Miami on the Make: Adjaye, Fuller, and Foster

National
Tuesday, December 6, 2011
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David Adjaye with his pavilion. (Courtesy Design Miami)

David Adjaye with his pavilion. (Courtesy Design Miami)

Design Miami, the high-design fair that runs with the giant, Art Basel Miami Beach, exhibited two objets d’architecture over the Miami Art Week, and named an architect, David Adjaye, as its 2011 Designer of the Year. Both objets were sculptural pavilions: one is an installation by Adjaye, commissioned for the fair, and the other a restored modernist icon with a utopian agenda.

David Adjaye's "Genesis" pavilion. (Courtesy Design Miami)

David Adjaye's "Genesis" pavilion. (Courtesy Design Miami)

Adjaye’s pavilion Genesis was sited just outside the entrance to the Design Miami fair tent. Constructed with digitally cut timber planks, Genesis is triangular in plan, with an ovoidal interior space that opens to two sides, a smaller window on the third side, and an oculus above. Called by Adjaye “architectural furniture” because it’s not exactly a building, but almost a sculpture meant for human occupation, Genesisbecame a civic amenity for fairgoers, and gave the parking-lot site a feeling of a plaza.

Buckminster Fuller's Fly's Eye Dome. (AN / Julie Iovine)

Buckminster Fuller's Fly's Eye Dome. (AN / Julie Iovine)

The other pavilion was in a vacant lot in the Design District. Buckminster Fuller’s Fly’s Eye Dome prototype was an early experiment in inexpensive prefab shelters and environmental, off-the-grid living. The dome, one of only three ever made by Bucky, was restored by Design Miami’s founder, Craig Robins. It was joined by the Fuller’s “omni-directional transport system”, the Dymaxion 4, restored by Lord Norman Foster using his own original Dymaxion as template.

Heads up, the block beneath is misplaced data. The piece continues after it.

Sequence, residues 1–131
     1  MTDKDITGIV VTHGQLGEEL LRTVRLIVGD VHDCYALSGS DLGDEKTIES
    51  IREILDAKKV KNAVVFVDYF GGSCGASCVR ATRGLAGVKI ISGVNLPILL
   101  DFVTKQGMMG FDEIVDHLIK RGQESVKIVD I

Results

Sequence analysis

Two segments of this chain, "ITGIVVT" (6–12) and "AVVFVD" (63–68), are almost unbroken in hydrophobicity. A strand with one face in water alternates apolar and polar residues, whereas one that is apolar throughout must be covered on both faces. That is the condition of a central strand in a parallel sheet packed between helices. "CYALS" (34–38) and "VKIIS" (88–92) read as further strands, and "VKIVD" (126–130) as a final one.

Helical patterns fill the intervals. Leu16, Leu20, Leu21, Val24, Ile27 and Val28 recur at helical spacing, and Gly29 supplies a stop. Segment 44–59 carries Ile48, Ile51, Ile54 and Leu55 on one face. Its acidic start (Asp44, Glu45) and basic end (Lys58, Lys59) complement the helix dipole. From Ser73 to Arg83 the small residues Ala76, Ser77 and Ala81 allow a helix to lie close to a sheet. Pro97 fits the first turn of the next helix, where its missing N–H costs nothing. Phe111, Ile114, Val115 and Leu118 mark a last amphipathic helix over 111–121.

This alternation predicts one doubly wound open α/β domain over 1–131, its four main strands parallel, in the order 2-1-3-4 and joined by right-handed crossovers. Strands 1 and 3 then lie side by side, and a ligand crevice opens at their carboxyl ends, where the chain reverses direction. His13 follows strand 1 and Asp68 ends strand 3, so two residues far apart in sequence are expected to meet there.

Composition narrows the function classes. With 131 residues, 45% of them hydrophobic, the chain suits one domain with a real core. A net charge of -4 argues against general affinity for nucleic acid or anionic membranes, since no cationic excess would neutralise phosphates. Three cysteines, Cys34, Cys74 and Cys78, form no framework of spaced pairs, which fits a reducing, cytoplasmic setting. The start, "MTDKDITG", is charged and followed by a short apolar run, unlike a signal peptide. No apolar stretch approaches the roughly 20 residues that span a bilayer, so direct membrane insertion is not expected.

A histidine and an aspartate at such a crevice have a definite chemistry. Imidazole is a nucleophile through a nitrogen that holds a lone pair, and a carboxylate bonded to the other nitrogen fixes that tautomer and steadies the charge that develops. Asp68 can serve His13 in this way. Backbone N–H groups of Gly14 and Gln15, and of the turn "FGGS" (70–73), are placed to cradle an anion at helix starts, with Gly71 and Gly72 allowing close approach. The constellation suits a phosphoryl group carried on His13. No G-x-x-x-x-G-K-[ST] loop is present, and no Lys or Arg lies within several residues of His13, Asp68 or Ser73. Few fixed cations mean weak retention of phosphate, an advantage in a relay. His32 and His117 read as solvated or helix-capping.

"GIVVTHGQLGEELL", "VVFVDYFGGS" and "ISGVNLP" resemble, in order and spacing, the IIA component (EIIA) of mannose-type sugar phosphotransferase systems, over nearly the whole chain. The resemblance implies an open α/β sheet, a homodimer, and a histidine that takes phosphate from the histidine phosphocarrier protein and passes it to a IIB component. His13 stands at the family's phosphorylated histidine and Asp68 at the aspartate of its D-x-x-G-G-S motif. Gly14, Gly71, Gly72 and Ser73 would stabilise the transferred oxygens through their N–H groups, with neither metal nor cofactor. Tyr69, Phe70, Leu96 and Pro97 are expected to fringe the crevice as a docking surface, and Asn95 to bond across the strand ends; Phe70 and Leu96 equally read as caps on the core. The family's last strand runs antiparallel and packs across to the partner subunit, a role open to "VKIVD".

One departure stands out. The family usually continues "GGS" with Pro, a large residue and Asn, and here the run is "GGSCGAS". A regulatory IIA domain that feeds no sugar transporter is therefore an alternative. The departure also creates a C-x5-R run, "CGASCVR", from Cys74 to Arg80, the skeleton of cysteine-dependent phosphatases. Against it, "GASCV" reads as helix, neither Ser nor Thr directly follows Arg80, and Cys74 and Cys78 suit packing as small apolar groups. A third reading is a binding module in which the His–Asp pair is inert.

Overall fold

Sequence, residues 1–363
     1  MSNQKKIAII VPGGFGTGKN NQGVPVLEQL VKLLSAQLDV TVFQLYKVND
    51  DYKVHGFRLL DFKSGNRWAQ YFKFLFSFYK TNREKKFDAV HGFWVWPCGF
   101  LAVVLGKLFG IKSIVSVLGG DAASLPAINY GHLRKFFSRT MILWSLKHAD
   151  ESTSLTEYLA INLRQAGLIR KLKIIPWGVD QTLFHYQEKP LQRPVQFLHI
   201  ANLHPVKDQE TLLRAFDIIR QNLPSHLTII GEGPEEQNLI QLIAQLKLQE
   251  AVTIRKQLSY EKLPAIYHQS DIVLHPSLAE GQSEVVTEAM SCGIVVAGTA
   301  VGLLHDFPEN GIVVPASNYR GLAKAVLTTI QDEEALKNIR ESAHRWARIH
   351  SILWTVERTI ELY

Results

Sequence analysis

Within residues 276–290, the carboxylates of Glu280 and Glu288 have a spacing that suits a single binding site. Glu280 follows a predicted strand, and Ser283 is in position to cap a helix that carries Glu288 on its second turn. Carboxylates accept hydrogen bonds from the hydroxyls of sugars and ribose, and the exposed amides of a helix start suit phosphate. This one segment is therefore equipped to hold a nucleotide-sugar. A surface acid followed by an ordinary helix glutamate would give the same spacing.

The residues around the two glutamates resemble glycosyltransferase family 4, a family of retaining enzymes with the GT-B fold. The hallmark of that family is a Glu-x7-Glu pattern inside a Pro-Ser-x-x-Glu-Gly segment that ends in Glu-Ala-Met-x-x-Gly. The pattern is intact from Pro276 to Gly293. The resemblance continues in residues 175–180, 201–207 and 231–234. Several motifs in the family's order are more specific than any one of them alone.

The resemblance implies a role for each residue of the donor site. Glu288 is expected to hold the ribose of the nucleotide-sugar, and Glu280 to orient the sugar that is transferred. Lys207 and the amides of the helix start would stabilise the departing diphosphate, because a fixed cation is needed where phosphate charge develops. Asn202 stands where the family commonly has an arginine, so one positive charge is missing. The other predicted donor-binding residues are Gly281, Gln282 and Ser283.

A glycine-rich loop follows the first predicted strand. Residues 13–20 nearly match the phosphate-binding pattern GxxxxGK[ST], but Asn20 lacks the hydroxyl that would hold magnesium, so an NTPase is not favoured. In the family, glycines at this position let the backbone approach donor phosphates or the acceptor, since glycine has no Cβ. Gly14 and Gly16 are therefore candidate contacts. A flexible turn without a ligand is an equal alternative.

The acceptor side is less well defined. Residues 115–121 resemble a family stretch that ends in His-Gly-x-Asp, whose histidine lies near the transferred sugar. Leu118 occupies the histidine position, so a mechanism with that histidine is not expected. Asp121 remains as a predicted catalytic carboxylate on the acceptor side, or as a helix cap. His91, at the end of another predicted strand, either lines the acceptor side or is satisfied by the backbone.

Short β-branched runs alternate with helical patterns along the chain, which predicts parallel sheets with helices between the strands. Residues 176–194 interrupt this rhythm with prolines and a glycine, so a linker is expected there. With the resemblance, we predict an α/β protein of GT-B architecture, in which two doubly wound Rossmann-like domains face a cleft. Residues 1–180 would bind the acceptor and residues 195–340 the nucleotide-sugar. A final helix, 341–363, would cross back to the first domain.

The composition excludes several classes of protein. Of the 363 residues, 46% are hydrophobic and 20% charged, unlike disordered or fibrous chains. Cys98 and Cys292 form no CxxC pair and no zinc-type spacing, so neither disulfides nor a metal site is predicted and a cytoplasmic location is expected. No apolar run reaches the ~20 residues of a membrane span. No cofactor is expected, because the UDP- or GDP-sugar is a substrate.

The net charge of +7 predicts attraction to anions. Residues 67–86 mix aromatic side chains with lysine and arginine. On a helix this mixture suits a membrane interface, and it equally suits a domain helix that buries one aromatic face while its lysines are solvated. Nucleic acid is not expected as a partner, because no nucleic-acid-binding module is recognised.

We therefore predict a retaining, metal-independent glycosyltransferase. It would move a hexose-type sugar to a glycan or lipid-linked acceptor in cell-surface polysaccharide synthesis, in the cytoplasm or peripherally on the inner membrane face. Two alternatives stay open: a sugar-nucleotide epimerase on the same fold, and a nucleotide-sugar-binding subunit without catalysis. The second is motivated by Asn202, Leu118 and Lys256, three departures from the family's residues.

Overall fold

The 24 foot-wide prototype dome is a tessellation of hexagonal fiberglass panels with plastic bubble dome windows that seem to radiate from refracted light. It appears strong, but lighter than air, as if a white cloud of geometric purity is floating just along the ground. It was paired with Fuller’s Dymaxion Car as part of the traveling exhibition, “Architecting the Future: Buckminster Fuller and Norman Foster” curated by Lady Elena Foster (Long before he was knighted, Foster worked with Fuller.) The dome will be permanently installed in Miami’s Design District, in a plaza being developed by Robins. The Miami fairs have always been cross-disciplinary, beginning in the early years with the spontaneous creation of the “Miami model”: part serious fair, part social event, part bacchanalian party, part educational experience, and part clearing house for other creative media. Design Miami showed how naturally design-as-art can fit into this maelstrom. Perhaps architecture, although it has always played a cameo role during Basel week, will move in the same direction.

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